Generic Name: atropine and pralidoxime (AT roe peen and PRAL i DOX eem)
Brand Name: ATNAA, DuoDote
What is ATNAA?
Atropine blocks the action of a certain chemical that may reach high levels in the body after a poisoning. Atropine also stimulates the heart and reduces the secretions of the nose, mouth, and lungs to improve breathing.
Pralidoxime reverses muscle weakness or paralysis caused by a poison or nerve agent.
ATNAA is a combination medicine used as an antidote to treat poisoning by a pesticide (insect spray) or a chemical that interferes with the central nervous system, such as nerve gas.
ATNAA is not effective as an antidote for all types of pesticide poisonings. You may need medications or additional treatments.
ATNAA may also be used for purposes not listed in this medication guide.
In an emergency, you may not be able to tell caregivers about your health conditions. Make sure any doctor caring for you afterward knows you received this medicine.
Before taking this medicine
If possible, before you receive ATNAA, tell your doctor if you have ever had:
an allergy to any medication;
liver or kidney disease;
narrow-angle glaucoma; or
an enlarged prostate, urination problems.
In an emergency situation it may not be possible to tell your caregivers if you are pregnant or breast-feeding. Make sure any doctor caring for your pregnancy or your baby knows you have received ATNAA.
How is ATNAA given?
ATNAA is injected into a muscle in your upper thigh. A healthcare provider will give you this injection.
ATNAA is usually given as soon as possible after the onset of poisoning symptoms. If you still have symptoms after 10 to 15 minutes, you will receive 2 more injections.
Your breathing, blood pressure, oxygen levels, kidney function, and other vital signs will be watched closely.
You may be watched for up to 72 hours to make sure the medicine has been effective and you no longer have any effects of the poison.
What happens if I miss a dose?
Since ATNAA is used when needed, it does not have a daily dosing schedule.
What happens if I overdose?
Since this medication is given by a healthcare professional in a medical setting, an overdose is unlikely to occur.
Overdose may occur if you receive ATNAA but you have not actually been exposed to the specific poisons this medication is designed to treat. Symptoms may include vision problems, feeling unsteady, loss of balance or coordination, trouble concentrating, fast heart rate, confusion, hallucinations (seeing or hearing things), decreased sweating, hot and dry skin, fainting, weak or shallow breathing, or breathing that stops.
What should I avoid after receiving ATNAA?
Avoid becoming overheated or dehydrated during exercise and in hot weather. Atropine can decrease sweating and you may be more prone to heat stroke for a short time after receiving this medication.
ATNAA side effects
Get emergency medical help if you have signs of an allergic reaction: hives; difficulty breathing; swelling of your face, lips, tongue, or throat.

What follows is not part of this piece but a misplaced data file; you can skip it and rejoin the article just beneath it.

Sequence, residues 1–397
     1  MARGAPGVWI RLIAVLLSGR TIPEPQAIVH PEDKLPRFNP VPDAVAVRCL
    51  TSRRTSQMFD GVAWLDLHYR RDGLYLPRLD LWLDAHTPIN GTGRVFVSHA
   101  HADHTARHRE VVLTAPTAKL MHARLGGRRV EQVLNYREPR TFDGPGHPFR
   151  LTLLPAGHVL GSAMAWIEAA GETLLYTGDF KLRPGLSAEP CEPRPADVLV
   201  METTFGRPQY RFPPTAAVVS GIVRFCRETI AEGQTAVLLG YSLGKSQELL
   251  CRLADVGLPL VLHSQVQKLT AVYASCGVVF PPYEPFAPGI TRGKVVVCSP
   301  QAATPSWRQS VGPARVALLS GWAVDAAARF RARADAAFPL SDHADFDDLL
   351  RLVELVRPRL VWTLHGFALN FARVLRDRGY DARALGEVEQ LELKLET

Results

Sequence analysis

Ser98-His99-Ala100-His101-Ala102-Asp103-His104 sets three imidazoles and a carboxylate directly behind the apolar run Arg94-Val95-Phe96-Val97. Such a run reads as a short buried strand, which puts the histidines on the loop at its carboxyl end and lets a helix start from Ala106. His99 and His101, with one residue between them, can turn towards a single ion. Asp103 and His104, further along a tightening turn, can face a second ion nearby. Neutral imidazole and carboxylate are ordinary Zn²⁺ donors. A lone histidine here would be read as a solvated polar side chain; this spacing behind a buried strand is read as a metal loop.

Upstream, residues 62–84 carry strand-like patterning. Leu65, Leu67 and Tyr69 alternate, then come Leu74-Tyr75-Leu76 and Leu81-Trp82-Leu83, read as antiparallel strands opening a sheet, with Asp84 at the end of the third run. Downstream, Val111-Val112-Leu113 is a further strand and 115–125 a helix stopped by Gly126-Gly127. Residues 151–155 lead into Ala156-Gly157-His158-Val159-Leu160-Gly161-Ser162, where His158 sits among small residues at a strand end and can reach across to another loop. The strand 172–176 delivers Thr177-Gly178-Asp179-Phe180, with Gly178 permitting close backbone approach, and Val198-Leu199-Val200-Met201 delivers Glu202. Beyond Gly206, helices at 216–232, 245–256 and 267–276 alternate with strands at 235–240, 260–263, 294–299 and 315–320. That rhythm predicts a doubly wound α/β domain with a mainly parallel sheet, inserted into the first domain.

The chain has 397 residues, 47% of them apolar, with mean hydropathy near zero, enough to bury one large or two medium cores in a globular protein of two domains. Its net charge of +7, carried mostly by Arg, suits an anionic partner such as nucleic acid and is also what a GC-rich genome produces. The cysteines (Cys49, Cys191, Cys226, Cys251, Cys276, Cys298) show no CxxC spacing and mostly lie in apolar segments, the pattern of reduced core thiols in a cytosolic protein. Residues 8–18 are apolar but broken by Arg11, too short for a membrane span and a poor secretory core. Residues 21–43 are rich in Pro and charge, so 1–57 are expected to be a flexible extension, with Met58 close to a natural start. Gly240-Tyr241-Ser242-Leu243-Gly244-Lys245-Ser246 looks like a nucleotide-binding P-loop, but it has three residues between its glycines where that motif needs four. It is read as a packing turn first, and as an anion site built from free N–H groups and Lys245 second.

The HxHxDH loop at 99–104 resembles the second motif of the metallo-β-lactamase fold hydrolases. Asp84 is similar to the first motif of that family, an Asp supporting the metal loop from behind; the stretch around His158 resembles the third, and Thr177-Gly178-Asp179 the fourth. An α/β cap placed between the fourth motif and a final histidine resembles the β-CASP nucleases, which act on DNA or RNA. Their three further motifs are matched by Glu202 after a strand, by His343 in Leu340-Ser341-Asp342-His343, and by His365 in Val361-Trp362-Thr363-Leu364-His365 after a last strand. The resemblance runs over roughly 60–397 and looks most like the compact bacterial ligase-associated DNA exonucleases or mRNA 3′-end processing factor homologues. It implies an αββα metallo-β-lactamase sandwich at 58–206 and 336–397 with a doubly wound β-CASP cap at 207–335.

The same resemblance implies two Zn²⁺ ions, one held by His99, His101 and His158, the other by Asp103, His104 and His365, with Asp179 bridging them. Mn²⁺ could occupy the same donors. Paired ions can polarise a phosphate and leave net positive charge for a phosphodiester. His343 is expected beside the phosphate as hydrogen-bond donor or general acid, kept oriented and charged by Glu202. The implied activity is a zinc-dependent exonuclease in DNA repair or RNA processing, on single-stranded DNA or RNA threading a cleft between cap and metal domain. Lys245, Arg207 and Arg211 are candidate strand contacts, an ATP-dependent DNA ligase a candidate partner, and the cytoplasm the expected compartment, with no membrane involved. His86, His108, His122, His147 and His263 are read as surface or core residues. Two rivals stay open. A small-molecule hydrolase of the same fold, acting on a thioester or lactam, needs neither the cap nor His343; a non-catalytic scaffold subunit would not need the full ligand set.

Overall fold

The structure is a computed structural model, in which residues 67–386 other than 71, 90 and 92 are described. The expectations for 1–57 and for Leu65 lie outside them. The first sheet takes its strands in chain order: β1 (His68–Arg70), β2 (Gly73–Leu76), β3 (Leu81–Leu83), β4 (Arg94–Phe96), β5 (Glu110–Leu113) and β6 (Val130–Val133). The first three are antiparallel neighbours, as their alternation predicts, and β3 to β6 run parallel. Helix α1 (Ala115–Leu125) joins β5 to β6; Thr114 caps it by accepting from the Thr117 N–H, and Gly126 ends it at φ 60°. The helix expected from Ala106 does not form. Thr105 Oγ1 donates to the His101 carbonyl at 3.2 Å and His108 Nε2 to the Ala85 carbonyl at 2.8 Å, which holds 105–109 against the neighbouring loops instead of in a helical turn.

Some of the side effects of atropine and pralidoxime may be similar to the symptoms of poisoning. Your caregivers will watch you closely to determine whether your body is responding well to the medication, or if you are having any serious side effects.
Tell your caregivers right away if you have:
pounding heartbeats or fluttering in your chest;
chest pain spreading to your jaw or shoulder;
painful or difficult urination;
little or no urination;
unusual changes in mood or behavior; or
blurred vision, tunnel vision, eye pain, or seeing halos around lights.
Side effects may be more likely in older adults.
Common side effects may include:
dry mouth, dry nose, trouble breathing or swallowing;
dry eyes, blurred vision, increased sensitivity to light;
fast heartbeats, increased blood pressure;
feeling excited or confused;
dry skin, rash; or
abnormal liver function tests.
This is not a complete list of side effects and others may occur. Call your doctor for medical advice about side effects. You may report side effects to FDA at 1-800-FDA-1088.
What other drugs will affect ATNAA?
Other drugs may affect ATNAA, including prescription and over-the-counter medicines, vitamins, and herbal products. If possible, before you receive ATNAA, tell your doctor about all your current medicines.
- Your doctor can provide more information about ATNAA.
Remember, keep this and all other medicines out of the reach of children, never share your medicines with others, and use this medication only for the indication prescribed.
Always consult your healthcare provider to ensure the information displayed on this page applies to your personal circumstances.
Copyright 1996-2018 Cerner Multum, Inc. Version: 2.01.
More about ATNAA (atropine / pralidoxime)
- ATNAA Side Effects
- During Pregnancy
- Dosage Information
- Drug Interactions
- En Español
- Drug class: antidotes
Other brands: DuoDote